The Environmental Protection Agency (EPA) has funds to stay open during the partial shutdown through Friday while many other agencies close their doors, according to Acting Administrator Andrew Wheeler.
Officials “determined that EPA has sufficient carryover funds to operate for a limited period of time,” reads a Dec. 21 email Wheeler sent to EPA employees obtained by The Daily Caller News Foundation.
“EPA will remain open the week of December 24, 2018 in the event of a government shutdown,” Wheeler wrote to employees before their four-day weekend to celebrate Christmas. (RELATED: Trump Overhauled The Way We Prevent Wildfires And The Media Totally Missed It)
“All EPA employees should follow their planned schedule for this week, including the holidays on both December 24 and 25, 2018,” Wheeler wrote. “Should the shutdown remain in place through December 28, 2018, we will provide further updates on the agency’s operating status.”
Likewise, EPA regional offices will be open as well. The Trump administration will also keep areas of national parks open during the government shutdown, which started Friday after Congress failed to pass funding for a border wall.
The EPA has sufficient carryover funds to operate for a limited period of time and will remain open the week of December 24, 2018. If you need assistance in Region 8 (CO, MT, ND, SD, UT, WY), contact our Environmental Information Service Center at 303-312-6312 or email@example.com.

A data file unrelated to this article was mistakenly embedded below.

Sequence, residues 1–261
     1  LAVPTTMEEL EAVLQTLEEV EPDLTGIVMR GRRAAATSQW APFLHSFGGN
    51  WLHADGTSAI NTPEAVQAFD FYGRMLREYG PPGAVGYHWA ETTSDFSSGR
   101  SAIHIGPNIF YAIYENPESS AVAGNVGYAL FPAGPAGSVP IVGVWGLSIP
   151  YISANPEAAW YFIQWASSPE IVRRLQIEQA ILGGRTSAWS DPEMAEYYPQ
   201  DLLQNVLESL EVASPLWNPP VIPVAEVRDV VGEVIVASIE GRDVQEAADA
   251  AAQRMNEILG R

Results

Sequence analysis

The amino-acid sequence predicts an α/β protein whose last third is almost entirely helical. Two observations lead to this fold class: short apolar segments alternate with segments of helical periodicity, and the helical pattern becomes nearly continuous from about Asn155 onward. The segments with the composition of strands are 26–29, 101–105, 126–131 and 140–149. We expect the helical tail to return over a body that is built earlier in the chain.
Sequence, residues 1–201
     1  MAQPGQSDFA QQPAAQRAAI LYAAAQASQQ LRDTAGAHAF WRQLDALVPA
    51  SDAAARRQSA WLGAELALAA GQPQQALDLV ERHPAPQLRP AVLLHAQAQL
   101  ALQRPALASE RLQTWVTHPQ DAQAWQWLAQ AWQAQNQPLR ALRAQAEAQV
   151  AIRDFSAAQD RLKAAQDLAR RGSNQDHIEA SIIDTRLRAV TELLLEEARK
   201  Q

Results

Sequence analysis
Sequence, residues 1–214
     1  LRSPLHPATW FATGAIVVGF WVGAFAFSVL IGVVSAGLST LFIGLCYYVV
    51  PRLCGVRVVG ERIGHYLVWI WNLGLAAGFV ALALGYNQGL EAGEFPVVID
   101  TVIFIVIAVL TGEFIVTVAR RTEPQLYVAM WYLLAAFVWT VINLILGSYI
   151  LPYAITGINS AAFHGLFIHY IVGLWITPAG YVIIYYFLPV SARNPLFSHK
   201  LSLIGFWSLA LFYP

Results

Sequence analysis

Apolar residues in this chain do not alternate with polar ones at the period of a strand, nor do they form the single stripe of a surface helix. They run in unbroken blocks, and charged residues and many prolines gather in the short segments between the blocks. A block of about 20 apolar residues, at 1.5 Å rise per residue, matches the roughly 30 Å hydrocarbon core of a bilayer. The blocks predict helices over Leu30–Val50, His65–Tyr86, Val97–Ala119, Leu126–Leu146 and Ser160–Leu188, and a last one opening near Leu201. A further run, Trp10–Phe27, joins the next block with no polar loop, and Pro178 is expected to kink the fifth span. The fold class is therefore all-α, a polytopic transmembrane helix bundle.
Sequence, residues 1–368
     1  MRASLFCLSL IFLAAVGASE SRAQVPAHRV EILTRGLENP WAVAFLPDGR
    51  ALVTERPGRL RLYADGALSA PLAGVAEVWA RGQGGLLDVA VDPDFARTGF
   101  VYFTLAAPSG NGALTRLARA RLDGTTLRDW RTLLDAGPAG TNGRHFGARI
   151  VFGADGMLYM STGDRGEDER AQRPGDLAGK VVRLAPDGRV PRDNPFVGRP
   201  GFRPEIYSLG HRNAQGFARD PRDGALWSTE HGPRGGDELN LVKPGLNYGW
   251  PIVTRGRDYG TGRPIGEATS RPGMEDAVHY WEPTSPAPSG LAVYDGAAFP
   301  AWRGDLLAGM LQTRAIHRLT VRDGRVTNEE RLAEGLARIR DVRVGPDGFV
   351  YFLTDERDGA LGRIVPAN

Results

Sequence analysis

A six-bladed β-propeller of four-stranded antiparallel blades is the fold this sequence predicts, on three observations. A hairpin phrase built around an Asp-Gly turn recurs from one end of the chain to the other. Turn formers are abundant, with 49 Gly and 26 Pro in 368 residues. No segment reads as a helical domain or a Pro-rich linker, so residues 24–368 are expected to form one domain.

— EPARegion8 (@EPARegion8) December 26, 2018
EPA employees also worked through the short-lived government shutdown in January.
It’s unclear how long the current government shutdown will last. President Donald Trump said the government would remain closed until congressional Democrats agreed to fund a U.S.-Mexico border wall.
EPA put a government shutdown plan in place during mid-December, which requires the agency to see if it has the funds to stay open. Otherwise, the roughly 13,700 agency employees not necessary to, for example, respond to emergencies or protect life and property will go home.
“This number represents the agency employees who could continue to work in the event of a government shutdown if sufficient resources are available,” reads EPA’s contingency plan.
That’s similar to the 2013 government shutdown when the Obama administration classified more than 98 percent of its employees as non-essential. The 2013 shutdown last 16 days.
“Thank you for your hard work, dedication, and patience through this process, and for all that you do for the EPA and the American people,” Wheeler wrote.
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